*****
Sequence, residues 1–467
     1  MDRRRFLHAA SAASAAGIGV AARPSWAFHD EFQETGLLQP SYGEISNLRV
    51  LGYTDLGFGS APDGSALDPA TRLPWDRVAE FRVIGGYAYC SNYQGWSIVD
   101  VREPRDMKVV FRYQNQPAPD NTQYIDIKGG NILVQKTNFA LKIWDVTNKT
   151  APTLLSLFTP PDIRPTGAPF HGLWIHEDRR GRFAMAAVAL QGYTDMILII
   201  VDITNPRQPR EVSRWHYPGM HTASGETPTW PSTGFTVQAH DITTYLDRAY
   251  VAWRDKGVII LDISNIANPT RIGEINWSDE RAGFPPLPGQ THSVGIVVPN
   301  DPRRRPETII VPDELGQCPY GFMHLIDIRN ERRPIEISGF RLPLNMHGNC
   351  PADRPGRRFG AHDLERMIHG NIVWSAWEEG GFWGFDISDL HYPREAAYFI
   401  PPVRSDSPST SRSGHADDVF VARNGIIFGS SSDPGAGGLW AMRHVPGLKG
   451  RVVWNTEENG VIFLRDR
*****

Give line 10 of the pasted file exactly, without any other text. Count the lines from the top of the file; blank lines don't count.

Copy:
   401  PPVRSDSPST SRSGHADDVF VARNGIIFGS SSDPGAGGLW AMRHVPGLKG